button to main menu  Martineau's Complete Guide to the English Lakes, 1855

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Page 6:-
he will see a lovely view,- a picturesque cottage roof, surrounded by trees, in the foreground; grey rocks cropping out of the sward on the other side of the hedges; and in front, overlapping hills, range behind range, with the grey waters of the lake lying below. Already, a traveller who should remain any time in the district would find himself introduced to the humours of a remote region. Odd sayings and doings remain, and traditions of old singularities are not lost. This place, Orrest Head, was the residence of the noted Josiah Brown, who amused himself, a century ago, with welcoming beggars, whom he supplied with meat and lodging, sometimes to the number of twenty in a night. He called them his 'jolly companions,' and no doubt he got a world of amusement out of them, in return for his hospitality. The local saying, 'that's too big a bo-o for a young horse,' was Josiah Brown's, and it was originated thus. He was breaking in a young horse, when one of his men took a liberty,- such as his servants were always taking with him,- but in this case to be repented of. The fellow hid himself behind a gate-post, and yelled so tremendously as his master passed through that Josiah was thrown, and broke his leg. His good-natured criticism was, 'that was too big a bo-o for a young horse,' and this is still the proverbial expression of extreme surprise.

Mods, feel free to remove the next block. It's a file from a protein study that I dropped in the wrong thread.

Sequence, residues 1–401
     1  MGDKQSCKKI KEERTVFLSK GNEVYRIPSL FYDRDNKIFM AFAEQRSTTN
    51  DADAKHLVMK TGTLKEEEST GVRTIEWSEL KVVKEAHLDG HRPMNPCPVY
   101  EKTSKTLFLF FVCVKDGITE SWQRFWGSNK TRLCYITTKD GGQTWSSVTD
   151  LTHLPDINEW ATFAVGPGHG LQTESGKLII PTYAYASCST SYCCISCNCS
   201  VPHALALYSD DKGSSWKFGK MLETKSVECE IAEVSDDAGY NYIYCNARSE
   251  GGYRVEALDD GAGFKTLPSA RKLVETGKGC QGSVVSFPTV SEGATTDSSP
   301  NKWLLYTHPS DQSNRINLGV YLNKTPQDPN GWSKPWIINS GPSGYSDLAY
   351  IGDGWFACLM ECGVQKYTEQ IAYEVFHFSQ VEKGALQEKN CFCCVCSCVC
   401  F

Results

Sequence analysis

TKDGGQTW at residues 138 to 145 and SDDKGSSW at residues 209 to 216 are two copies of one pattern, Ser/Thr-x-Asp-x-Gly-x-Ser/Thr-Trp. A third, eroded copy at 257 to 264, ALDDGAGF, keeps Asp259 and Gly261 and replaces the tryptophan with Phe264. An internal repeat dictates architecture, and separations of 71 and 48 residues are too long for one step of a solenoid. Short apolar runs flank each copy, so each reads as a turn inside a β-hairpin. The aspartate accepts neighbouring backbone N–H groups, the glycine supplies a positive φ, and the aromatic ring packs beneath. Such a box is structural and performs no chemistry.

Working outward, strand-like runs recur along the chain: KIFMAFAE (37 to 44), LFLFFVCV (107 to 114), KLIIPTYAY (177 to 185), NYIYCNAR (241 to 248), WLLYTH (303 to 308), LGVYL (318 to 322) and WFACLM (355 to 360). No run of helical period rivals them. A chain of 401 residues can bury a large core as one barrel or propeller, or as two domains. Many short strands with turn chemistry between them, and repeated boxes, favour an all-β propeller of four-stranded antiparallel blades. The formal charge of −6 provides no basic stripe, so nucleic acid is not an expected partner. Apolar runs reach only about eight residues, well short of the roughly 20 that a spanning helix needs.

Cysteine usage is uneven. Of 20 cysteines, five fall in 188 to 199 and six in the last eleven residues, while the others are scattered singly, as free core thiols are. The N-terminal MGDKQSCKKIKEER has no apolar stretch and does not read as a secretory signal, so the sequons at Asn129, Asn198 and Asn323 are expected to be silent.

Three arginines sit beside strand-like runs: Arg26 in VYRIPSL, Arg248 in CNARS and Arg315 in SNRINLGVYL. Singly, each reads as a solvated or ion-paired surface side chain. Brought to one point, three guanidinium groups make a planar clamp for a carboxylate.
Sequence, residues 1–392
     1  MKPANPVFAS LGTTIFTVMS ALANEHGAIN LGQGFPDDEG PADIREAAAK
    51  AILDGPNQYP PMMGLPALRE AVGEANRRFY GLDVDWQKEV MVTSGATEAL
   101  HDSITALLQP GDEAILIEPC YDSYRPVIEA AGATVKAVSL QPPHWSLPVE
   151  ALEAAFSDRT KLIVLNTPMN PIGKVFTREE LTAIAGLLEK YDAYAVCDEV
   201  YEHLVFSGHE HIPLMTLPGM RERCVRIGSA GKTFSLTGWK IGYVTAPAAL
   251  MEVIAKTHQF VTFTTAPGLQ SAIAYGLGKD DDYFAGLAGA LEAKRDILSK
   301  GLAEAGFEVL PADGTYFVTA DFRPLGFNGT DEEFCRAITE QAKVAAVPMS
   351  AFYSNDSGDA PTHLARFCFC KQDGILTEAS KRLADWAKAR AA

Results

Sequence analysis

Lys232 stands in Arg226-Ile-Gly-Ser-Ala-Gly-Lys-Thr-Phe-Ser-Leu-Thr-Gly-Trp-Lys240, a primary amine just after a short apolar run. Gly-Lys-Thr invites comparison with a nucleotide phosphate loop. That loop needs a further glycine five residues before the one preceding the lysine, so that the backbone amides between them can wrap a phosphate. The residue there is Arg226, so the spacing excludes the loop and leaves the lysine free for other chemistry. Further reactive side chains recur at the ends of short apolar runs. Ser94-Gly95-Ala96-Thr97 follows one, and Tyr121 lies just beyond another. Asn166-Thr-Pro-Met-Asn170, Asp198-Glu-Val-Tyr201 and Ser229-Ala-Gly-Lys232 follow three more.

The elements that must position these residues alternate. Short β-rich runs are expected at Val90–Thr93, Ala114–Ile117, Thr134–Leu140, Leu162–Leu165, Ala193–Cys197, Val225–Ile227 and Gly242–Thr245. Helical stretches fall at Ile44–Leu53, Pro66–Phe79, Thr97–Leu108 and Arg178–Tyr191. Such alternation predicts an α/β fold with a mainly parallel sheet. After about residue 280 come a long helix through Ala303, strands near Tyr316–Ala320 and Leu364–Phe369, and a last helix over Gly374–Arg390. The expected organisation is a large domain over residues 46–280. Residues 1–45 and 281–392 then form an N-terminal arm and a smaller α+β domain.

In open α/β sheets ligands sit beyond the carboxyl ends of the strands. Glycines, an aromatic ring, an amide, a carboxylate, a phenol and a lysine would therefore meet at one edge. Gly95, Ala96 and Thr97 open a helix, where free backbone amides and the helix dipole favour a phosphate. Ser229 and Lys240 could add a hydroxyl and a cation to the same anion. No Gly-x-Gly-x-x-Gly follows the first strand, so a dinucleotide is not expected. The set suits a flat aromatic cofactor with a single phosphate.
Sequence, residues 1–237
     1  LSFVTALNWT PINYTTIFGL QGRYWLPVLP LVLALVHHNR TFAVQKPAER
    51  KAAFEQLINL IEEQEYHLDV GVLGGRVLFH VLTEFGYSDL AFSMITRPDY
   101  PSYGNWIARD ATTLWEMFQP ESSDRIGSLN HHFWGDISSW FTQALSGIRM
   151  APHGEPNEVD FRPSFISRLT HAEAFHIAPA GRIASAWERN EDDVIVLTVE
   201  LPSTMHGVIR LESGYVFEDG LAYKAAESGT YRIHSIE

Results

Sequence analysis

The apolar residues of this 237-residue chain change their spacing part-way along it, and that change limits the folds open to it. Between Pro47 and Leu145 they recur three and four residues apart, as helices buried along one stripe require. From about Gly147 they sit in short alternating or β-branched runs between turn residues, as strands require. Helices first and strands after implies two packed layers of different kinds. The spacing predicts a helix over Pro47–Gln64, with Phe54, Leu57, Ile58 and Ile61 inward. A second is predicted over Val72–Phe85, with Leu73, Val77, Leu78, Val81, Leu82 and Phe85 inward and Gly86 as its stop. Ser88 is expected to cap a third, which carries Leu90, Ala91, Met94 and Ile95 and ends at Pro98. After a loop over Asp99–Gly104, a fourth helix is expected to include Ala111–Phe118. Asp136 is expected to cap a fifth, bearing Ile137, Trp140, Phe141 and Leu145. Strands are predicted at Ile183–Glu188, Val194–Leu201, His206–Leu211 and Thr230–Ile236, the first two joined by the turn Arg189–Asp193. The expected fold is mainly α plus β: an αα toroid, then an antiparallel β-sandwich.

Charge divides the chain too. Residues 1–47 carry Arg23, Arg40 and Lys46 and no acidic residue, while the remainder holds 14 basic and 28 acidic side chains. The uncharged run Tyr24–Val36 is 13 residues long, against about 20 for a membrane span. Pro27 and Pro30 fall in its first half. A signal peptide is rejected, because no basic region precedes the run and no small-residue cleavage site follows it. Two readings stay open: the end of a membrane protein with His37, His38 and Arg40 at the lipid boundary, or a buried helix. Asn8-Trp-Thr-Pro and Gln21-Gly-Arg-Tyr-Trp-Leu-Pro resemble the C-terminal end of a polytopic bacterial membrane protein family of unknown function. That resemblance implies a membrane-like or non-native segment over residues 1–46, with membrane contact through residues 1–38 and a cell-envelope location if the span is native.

The hill to the right is part of the Elleray property, so well known as the lake-home of Christopher North, and now so much improved by its present proprietor, Mr. Eastted. If the traveller should have the good fortune to obtain a ticket of leave to enter the
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button -- Elleray
button -- Orrest Head
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